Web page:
[plt-scheme] mergesort stability

From: Felix PLT Proxy (pltscheme at pnkfx.org)
Date: Thu Jul 1 18:01:17 EDT 2004


In a recent bit of hacking, I found that I required a stable sort 

Neither of MzLib's provided sorting functions (QUICKSORT, MERGESORT) are 
guaranteed to be stable, so I started poking around on the web.

But then I was reminded by some webpage that the Merge Sort algorithm 
typically *is* stable.  So I asked myself, why isn't MzScheme's?

After staring at the MERGESORT implementation for a bit, and drawing a 
couple of behavioral traces, I realized why MzScheme's implementation is 
not guaranteed to be stable: because the sorting function doesn't know 
whether its been passed a reflexive comparator or not.

There is a crucial bit of code where we actually *run* the LESS-THAN 
parameter, and we have to decide what we will do when it returns #f.

This is what the cond-clauses look like now (L1 and L2 are the 
intermediate lists that we are merging, and R is the result accumulator)

              [(less-than (car l1) (car l2))
               (merge (cdr l1) l2 (cons (car l1) r))]
              [else (merge (cdr l2) l1 (cons (car l2) r))]))]

(it builds up R in reversed order and then reverse it at the end; that's 
why we cons the lesser element onto R).

If LESS-THAN is bound to a non-reflexive comparator, this code will 
produce a stable sort.  If LESS-THAN is bound to a reflexive comparator, 
then the sort is unstable.  The heart of the problem is that the code 
doesn't know when its looking at "equal modulo less-than" elements.
Example (notice that the numbers are ordered (w.r.t. their char) in the 
original input list):

Welcome to MzScheme version 206, Copyright (c) 2004 PLT Scheme, Inc.
 > (require (lib "list.ss"))
 > (mergesort '((#\D 1) (#\E 0) (#\B 1) (#\A 1) (#\D 2) (#\C 0) (#\B 2) 
(#\D 3) (#\A 2)) (lambda (x y) (char<=? (car x) (car y))))
((#\A 2) (#\A 1) (#\B 1) (#\B 2) (#\C 0) (#\D 3) (#\D 2) (#\D 1) (#\E 0))
 > (mergesort '((#\D 1) (#\E 0) (#\B 1) (#\A 1) (#\D 2) (#\C 0) (#\B 2) 
(#\D 3) (#\A 2)) (lambda (x y) (char<? (car x) (car y))))
((#\A 1) (#\A 2) (#\B 1) (#\B 2) (#\C 0) (#\D 1) (#\D 2) (#\D 3) (#\E 0))

The CHAR<? function's output is stable, while that of CHAR<=? is not.

I discussed the problem with Joe and John and Phillippe, and there are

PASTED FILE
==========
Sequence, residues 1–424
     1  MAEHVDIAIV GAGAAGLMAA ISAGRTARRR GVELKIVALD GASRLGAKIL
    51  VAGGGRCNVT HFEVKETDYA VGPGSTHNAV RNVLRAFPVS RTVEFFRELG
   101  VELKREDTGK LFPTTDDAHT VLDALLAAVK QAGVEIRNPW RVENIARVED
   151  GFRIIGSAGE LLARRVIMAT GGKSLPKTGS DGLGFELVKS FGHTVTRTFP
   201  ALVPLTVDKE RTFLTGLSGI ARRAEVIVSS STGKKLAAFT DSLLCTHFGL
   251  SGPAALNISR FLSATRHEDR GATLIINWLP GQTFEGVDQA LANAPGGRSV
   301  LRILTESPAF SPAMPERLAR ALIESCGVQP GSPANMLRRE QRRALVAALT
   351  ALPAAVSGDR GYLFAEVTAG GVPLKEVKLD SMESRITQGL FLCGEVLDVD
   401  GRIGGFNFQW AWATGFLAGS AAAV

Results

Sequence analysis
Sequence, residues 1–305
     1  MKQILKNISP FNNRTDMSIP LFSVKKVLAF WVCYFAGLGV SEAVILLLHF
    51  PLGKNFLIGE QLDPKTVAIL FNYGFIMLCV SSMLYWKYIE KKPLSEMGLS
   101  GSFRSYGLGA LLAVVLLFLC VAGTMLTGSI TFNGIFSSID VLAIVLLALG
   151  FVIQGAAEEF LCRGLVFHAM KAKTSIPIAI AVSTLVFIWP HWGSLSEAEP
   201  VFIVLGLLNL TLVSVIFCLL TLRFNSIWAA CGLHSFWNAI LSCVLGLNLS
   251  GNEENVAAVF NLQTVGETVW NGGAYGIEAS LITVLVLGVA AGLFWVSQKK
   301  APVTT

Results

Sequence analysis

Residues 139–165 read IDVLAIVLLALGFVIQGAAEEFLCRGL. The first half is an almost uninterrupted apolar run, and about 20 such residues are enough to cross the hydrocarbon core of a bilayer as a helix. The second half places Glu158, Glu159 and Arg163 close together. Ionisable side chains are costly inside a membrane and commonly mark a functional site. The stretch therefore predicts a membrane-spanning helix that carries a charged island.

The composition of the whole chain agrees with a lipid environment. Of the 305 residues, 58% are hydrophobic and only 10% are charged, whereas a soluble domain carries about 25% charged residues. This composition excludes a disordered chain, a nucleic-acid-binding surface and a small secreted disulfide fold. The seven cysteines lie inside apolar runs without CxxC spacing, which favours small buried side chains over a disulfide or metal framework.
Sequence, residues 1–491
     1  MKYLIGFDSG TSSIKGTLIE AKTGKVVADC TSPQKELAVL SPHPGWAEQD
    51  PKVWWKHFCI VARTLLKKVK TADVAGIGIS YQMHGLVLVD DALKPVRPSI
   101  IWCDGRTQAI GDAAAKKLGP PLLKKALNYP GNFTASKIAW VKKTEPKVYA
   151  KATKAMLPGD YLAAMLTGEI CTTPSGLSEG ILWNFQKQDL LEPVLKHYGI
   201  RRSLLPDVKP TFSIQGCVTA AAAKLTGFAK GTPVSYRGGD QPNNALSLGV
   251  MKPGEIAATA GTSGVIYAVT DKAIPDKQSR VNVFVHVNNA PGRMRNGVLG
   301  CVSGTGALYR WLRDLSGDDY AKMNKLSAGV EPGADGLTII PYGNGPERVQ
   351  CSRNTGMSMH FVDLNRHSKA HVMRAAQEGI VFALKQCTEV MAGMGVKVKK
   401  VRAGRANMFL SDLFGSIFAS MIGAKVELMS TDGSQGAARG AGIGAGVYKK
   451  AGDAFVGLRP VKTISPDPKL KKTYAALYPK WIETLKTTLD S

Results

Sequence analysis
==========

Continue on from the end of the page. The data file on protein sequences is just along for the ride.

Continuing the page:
definitely solutions to this.  One is to actually pass in a seperate 
equivalence relation; when the user wants a stable sort, they are 
responsible for understanding what their equivalence relation is.

Another solution is to infer what the equivalence relation is from the 
comparator itself.  You can actually do this for both reflexive and 
anti-reflexive comparators, if you're clever.  (That is, you can write a 
simple function that will map both CHAR<=? and CHAR<? to something 
that's semantically equivalent to CHAR=?, by doing an (AND OR NOR)).  I 
don't know about comparators which are neither reflexive nor 
anti-reflexive though...

Joe came up with the following clever solution (which at its heart uses 
the above and-or-nor trick; its just implicit in the control flow).  It 
is a pretty simple change to the MERGESORT implementation, and I believe 
that it produces a stable sort.  Please note the changes to the 
cond-clauses excerpted above.  Remember that we're building up the list 
in reverse-order, which makes the code a little non-intuitive.

  (define mergesort ;; /stable
     (lambda (alox less-than)
       (letrec ([split (lambda (alox r)
              [(null? alox) r]
              [(null? (cdr alox)) (cons alox r)]
              [else (split (cdr alox) (cons (list (car alox)) r))]))]
        [merge (lambda (l1 l2 r)
              [(null? l1) (append! (reverse! r) l2)]
              [(null? l2) (append! (reverse! r) l1)]
              ;; Changes to cond-clauses start here
              [(less-than (car l2) (car l1))  
               (merge (cdr l2) l1 (cons (car l2) r))]
              [(less-than (car l1) (car l2))
               (merge (cdr l1) l2 (cons (car l1) r))]
                 ;; when unconstrained, revert to original order
                 ;; for stability.
               (merge (cdr l2) l1 (cons (car l2) r))]))]
               ;; Changes to cond-clauses end here
        [map2 (lambda (l)
             [(null? l) '()]
             [(null? (cdr l)) l]
             [else (cons (merge (car l) (cadr l) null)
                     (map2 (cddr l)))]))]
        [until (lambda (l)
             (if (null? (cdr l))
                 (car l)
                 (until (map2 l))))])
     (if (null? alox)
         (until (split alox null)))))))

I would like the official MzLib version to be changed to a stable sort; 
it can be this, or something else, but we should provide *something*. 
 Everyone who doesn't need stability uses quicksort anyway, so the 
slight efficiency hit (calling the comparator twice) shouldn't be an 
issue.  I shouldn't have to go track down Olin Shiver's (non-finalized) 
SRFI-32 implementation just to get a stable-sort going.


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